In D.C. survey coverage is not given to owners based on a house location survey except with special approval. When a house location survey is provided for closing, the general survey exception should remain in the owner’s policy, including Eagle policy. You should read the plat into the owner’s policy as well as the loan policy, taking specific exception to matters adverse to title shown on the plat. The survey should be reviewed with the buyer(s) by the settlement officer, who should point out those survey matters which exception is taken. The buyers should sign off on a copy of the plat to be maintained in the settlement file.

8. Disclosure issues. Recently, there has been a surge of litigation stemming from claims of breach of the duty of reasonable care by settlement attorneys who fail to advise purchasers of real property of the title consequences of certain matters of record. Various types of historic preservation easements given by prior owners of record have proven to be particularly problematic. These are not title insurance claims, but claims of negligence on the part of settlement attorneys.

Without going into lengthy discussion of the duty of care of a settlement attorney or settlement company, all of you should be sensitive to directing attention to matters of record which will affect the use and enjoyment of the property by the new owners, such as survey matters, easement issues and restrictive covenants. If possible, it is a good idea to send a copy of the title insurance commitment and survey to the buyers in advance of closing.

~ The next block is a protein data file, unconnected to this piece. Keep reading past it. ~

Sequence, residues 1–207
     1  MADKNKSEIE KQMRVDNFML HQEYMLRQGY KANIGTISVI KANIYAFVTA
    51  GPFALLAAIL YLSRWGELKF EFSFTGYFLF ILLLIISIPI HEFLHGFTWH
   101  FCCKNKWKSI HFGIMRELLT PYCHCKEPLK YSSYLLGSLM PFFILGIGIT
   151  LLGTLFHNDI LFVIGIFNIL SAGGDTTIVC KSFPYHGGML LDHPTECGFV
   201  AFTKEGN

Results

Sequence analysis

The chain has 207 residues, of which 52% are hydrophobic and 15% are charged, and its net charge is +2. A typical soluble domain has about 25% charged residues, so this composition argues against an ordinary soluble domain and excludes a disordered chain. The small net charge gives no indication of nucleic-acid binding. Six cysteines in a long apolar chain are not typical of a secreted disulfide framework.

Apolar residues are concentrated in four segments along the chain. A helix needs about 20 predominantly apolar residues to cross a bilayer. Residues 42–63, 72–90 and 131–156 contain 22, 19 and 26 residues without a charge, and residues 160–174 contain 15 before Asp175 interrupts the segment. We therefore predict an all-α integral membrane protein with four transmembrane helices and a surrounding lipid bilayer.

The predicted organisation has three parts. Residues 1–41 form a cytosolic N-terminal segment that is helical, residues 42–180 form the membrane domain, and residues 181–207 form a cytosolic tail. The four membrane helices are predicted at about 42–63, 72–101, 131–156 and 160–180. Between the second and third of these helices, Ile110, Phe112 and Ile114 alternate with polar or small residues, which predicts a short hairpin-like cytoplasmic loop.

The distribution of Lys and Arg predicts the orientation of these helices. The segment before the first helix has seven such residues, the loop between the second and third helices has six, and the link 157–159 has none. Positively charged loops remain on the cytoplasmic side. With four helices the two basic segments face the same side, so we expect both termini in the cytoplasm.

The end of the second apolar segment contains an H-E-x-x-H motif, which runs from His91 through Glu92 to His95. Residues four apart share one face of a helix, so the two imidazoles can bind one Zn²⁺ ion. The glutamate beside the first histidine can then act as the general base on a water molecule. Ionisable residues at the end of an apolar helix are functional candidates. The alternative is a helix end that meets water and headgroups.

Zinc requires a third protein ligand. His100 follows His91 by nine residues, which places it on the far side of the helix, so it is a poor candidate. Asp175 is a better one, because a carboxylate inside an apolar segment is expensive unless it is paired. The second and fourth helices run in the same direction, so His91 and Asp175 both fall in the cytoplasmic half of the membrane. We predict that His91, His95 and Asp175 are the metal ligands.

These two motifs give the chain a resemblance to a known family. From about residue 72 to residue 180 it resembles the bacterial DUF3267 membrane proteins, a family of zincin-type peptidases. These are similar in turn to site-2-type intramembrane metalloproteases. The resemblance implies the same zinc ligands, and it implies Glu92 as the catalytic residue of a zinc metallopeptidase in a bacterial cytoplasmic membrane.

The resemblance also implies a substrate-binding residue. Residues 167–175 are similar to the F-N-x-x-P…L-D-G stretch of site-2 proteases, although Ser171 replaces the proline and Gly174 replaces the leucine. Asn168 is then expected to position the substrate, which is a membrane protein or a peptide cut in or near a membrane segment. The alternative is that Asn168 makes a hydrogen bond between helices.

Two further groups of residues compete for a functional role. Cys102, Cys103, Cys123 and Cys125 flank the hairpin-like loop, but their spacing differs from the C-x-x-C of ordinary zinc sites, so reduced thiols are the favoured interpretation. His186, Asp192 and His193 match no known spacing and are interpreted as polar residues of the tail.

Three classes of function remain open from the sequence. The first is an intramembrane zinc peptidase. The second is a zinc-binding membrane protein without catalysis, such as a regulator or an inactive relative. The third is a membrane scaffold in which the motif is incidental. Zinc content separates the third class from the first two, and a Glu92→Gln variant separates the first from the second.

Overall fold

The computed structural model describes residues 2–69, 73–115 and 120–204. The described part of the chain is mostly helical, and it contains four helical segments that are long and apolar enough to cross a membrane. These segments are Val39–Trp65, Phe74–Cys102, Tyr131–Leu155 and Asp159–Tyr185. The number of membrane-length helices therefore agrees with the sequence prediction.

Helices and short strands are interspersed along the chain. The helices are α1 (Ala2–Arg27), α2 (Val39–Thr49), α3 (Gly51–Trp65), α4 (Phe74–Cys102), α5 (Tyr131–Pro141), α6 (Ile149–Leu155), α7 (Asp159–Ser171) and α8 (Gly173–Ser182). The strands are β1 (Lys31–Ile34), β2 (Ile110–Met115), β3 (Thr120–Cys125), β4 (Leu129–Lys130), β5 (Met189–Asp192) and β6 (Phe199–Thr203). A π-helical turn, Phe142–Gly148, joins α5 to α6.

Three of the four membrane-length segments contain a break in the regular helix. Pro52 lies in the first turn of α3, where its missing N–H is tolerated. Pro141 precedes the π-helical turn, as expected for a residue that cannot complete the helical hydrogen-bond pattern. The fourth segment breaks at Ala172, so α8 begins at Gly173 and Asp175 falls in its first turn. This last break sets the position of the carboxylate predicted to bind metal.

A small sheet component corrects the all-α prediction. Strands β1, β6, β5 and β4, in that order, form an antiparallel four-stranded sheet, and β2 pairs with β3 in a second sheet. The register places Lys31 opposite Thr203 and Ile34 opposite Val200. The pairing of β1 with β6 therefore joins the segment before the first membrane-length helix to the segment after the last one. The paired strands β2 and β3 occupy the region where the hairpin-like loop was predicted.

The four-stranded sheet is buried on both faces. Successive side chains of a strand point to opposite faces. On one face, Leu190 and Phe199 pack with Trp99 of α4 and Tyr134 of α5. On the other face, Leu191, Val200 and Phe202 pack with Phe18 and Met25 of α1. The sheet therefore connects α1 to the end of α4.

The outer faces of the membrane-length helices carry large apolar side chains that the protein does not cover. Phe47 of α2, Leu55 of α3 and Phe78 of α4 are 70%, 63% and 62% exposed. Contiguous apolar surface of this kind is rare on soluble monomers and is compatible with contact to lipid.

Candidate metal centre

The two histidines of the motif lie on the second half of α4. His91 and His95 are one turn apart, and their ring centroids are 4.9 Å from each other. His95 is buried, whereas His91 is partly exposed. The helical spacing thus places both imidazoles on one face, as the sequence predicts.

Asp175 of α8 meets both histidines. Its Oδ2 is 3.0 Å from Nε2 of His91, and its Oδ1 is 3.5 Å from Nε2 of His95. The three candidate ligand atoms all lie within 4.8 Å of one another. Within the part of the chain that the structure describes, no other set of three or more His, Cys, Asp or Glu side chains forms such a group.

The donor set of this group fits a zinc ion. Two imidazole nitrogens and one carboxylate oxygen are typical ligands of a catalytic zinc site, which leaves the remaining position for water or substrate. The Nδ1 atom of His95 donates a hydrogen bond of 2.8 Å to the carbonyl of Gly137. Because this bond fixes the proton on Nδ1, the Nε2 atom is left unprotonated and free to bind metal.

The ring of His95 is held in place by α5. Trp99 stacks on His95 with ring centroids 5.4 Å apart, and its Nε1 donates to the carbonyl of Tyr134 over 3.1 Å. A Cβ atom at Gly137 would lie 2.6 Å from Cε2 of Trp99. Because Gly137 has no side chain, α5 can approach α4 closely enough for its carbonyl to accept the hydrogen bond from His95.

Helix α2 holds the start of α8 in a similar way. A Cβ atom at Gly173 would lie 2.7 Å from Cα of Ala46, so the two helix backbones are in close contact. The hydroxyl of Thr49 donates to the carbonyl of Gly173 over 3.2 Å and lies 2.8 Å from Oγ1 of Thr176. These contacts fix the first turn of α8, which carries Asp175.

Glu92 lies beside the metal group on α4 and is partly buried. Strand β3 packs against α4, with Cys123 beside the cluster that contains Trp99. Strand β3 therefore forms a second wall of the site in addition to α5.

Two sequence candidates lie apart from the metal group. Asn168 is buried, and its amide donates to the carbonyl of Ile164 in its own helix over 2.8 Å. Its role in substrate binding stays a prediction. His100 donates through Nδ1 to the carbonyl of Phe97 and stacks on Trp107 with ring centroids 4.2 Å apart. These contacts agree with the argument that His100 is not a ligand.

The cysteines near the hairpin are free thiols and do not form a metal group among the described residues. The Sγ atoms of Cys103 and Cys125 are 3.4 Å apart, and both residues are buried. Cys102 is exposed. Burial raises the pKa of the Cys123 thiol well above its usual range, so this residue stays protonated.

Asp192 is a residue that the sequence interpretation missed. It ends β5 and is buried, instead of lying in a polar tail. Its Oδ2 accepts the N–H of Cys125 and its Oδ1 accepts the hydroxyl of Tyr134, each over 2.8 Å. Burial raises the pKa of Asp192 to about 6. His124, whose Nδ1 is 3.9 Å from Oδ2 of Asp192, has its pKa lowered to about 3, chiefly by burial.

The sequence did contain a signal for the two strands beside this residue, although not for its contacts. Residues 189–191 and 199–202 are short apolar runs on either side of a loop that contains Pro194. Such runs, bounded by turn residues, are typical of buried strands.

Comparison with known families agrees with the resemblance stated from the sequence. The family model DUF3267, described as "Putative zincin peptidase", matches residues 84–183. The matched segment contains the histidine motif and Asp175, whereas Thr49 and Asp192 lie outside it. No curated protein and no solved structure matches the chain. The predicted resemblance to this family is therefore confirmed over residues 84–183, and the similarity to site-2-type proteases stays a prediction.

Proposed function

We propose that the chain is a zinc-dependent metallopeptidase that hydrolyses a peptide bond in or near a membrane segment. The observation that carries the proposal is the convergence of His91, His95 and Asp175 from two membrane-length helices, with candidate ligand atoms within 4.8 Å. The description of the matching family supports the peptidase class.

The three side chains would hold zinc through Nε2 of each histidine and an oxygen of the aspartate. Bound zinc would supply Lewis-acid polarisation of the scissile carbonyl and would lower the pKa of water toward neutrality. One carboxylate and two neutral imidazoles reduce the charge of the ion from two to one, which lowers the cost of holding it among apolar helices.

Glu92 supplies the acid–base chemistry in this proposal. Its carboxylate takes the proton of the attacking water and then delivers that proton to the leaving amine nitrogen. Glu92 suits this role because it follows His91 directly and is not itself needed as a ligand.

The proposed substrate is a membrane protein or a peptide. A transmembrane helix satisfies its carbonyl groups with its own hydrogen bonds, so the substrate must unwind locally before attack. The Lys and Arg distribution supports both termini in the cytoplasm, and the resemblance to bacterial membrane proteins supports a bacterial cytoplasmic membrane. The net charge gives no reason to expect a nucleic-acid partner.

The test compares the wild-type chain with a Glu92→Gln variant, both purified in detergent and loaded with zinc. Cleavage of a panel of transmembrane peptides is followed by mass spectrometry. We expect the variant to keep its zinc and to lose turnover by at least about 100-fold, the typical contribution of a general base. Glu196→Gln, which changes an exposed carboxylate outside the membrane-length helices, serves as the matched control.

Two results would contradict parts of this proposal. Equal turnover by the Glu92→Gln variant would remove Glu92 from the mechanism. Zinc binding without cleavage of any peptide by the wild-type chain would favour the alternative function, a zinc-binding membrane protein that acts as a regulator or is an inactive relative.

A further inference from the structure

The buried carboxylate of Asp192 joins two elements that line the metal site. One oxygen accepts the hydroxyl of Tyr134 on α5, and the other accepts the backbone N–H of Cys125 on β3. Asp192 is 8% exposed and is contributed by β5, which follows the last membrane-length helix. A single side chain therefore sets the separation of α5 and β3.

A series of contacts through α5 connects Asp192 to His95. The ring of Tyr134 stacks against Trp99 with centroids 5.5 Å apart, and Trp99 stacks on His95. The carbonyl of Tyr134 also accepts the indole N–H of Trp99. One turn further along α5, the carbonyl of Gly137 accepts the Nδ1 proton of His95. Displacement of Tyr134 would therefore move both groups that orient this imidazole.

If, for whatever reason, you are not providing title insurance coverage for matters which a buyer could reasonably expect such coverage, you must disclose that fact and get a written waiver of coverage. These matters could include TOPA rights, mortgagors holding over after foreclosure, title to parking spaces, easement rights, pending litigation and unpaid taxes and assessments, although this list is by no means comprehensive.

9. Parking space claims. We have dozens of them!

For example, a parking space is listed in the contract but overlooked in the title order and neither conveyed nor insured. If the contract references parking, we have a claim even if the space is not included in the legal description in the policy.

OR – limited common element parking spaces are not properly assigned by amendment to the condo docs and the appropriate exception is not taken in the policy.

OR – the A & T number for the parking space is not included in the FP-7C and the tax bills continue to go to the prior owner, who does not, of course, pay the bills or forward them. The parking space is then sold at tax sale, and we have a claim.

*Pay attention to parking spaces! In many areas of D.C. they are now worth a small fortune!

10. Eagle policy schedule of caps and deductibles. Don’t forget to include it when issuing Eagle policies! If the schedule of limitation of liability is not included with the policy, the argument can be made that there is no limitation on liability, thereby drastically increasing the potential amount of coverage for certain risks.